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Friday, 12 July 2019.
1. A week after OPEC agreed to keep oil production restrained until early next year, the group’s first forecasts for 2020 showed it faces an even longer and tougher challenge. The Organization of Petroleum Exporting Countries, which pumps 40% of the world’s oil, estimated that it’s producing about 560,000 barrels a day more than will be needed next year as the ongoing surge in U.S. shale threatens to deliver another surplus. Supplies from producers outside the cartel will grow by more than twice as much as global oil demand, it forecast.
2. There are signs that the golden age of globalization may be over, and the great convergence is giving way to a slow unravelling of supply chains. Global trade growth has fallen from 5.5% in 2017 to 2.1% this year, by the OECD's reckoning. Global regulatory "harmonization" has given way to local approaches, such as Europe’s data-privacy laws. Cross-border investment dropped by a fifth last year. Soaring wages and environmental costs are leading to a decline in the “cheap China” sourcing model. Says one expert: “We’re heading into a post-global world.”
3. President Trump yesterday complained that China hasn’t boosted its purchases of U.S. farm products, a promise he claims he secured in a meeting with his counterpart Xi Jinping in June. But according to officials in Beijing familiar with the talks, no such agreement was made. China’s Commerce Ministry yesterday also indicated that in their view, substantial discussions have yet to restart even though both sides spoke on the phone.
4. Eurointelligence: For all the president's rhetorical impulsiveness, the Trump administration’s policy on trade increasingly comes across as a series of strategically orchestrated actions. German cars are still an issue, but the complaints have widened: European Airbus subsidies; NordStream 2; the ECB’s monetary policies; the European Commission’s competition policies; and now the French digital tax. The Trump administration is the ultimate test of the EU’s willingness and ability to defend its own interest.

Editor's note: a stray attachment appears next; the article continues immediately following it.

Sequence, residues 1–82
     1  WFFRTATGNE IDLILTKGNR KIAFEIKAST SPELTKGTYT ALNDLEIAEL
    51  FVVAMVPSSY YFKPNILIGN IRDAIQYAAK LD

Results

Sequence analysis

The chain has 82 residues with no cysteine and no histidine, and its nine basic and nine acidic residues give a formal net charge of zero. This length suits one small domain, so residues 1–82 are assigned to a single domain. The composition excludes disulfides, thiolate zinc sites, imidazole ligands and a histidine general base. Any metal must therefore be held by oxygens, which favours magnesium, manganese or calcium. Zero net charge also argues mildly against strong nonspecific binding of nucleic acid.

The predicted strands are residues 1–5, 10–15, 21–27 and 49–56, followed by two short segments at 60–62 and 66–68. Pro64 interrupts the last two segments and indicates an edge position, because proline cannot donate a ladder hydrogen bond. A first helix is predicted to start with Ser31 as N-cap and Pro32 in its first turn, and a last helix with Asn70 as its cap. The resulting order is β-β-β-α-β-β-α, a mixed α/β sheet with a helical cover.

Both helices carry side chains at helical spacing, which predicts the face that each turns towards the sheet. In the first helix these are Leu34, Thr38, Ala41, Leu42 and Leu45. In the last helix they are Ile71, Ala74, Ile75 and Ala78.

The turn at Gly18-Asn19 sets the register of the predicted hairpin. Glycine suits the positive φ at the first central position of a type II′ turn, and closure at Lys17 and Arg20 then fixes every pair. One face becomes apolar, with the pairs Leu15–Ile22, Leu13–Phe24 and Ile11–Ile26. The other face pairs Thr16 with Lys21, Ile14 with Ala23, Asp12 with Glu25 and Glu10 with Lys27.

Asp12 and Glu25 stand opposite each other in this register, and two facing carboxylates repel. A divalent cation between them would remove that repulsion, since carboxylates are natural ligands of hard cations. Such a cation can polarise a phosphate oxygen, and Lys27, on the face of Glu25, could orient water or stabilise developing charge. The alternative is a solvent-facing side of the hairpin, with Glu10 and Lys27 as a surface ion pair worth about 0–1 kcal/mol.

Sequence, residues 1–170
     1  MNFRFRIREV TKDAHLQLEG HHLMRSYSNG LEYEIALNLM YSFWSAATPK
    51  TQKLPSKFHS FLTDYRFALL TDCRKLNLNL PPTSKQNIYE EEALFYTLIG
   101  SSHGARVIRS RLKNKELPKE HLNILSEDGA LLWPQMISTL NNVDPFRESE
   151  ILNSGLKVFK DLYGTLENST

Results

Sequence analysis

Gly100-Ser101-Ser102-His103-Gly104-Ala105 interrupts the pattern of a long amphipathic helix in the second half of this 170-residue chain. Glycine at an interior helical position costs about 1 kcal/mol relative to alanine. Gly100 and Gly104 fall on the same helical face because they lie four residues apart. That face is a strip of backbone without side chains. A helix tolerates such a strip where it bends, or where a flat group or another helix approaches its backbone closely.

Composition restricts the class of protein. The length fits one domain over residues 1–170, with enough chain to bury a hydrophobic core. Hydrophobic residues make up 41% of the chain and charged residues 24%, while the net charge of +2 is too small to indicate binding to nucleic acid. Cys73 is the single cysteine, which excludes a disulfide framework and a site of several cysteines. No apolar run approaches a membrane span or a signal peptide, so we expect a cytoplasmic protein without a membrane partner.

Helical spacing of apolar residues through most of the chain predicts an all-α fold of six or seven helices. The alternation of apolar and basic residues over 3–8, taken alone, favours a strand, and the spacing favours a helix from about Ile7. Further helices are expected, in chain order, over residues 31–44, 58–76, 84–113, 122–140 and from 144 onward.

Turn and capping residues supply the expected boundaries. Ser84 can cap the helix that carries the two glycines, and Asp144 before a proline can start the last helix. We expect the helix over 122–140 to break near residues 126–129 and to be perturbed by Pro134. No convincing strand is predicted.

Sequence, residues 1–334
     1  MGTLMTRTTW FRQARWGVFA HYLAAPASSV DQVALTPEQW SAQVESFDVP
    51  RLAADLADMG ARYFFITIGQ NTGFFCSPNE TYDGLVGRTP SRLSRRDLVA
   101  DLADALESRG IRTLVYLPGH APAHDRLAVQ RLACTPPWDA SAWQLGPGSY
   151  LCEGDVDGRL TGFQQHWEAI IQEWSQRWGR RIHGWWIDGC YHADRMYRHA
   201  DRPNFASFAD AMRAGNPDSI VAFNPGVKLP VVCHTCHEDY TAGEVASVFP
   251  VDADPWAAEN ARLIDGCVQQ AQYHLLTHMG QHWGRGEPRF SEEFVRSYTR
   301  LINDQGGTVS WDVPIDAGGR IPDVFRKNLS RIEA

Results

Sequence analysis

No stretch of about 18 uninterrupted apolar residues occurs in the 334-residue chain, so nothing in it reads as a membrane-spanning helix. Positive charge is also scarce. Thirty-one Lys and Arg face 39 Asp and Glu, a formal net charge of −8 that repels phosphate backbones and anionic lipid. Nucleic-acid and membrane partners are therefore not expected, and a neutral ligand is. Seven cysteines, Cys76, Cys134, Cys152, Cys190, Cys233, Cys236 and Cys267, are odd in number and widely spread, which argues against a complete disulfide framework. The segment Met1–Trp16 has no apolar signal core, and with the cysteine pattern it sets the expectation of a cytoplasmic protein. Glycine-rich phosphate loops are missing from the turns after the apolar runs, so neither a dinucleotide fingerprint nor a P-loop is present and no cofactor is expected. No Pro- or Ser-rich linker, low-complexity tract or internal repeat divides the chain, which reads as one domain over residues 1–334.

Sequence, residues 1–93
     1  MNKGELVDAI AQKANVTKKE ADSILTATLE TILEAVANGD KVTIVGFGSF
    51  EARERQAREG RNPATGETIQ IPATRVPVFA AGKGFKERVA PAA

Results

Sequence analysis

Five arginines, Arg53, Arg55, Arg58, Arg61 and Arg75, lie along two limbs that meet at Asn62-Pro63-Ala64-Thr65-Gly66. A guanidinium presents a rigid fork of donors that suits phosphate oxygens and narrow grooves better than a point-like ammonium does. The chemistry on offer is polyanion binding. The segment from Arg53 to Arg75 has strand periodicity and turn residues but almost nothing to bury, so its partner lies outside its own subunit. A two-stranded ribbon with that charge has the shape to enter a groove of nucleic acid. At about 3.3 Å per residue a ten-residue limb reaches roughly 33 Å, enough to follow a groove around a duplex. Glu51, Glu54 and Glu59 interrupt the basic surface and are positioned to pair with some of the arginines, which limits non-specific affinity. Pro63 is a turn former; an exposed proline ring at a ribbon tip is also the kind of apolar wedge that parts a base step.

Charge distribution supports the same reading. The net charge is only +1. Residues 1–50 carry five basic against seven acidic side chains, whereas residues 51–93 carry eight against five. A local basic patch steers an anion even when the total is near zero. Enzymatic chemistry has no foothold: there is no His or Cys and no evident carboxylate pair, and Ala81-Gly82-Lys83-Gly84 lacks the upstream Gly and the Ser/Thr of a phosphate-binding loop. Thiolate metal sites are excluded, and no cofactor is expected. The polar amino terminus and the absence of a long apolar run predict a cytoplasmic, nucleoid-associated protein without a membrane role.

5. Jerome Powell amplified his rate cut signal, suggesting there's room to ease as the relationship between inflation and jobs has "become weaker and weaker." The Fed chief told the Senate the economy is doing well but officials want "to use our tools to keep it there." The so-called "neutral rate" is lower than past estimates, he added. Asked if President Trump's pressure affects policy, he said "not at all."
6. American borrowing costs keep plunging, and that is signaling something important: Some of the basic assumptions of the most influential economic technocrats in the land are, for the time being at least, off base. Ten-year United States Treasury bonds are yielding only 1.95 percent, down from around 2.4 percent in May and 3.2 percent as recently as November. Global investors are essentially flinging money at any creditworthy entity that might wish to borrow. Rates on home mortgages, corporate bonds and the debt of countries around the world have been falling as well.
7. A U.S. interest-rate cut may be on the horizon, but a JPMorgan Asset Management fund is turning away from emerging-market assets. The money manager’s Global Income Fund has halved its holdings of developing-nation fixed income and equities to 3% each, opting instead to buy European corporate junk bonds and Treasuries, according to its co-manager Eric Bernbaum. The $50 billion strategy is skeptical about emerging Asia’s prospects due to the region’s exposure to the U.S.-China trade war.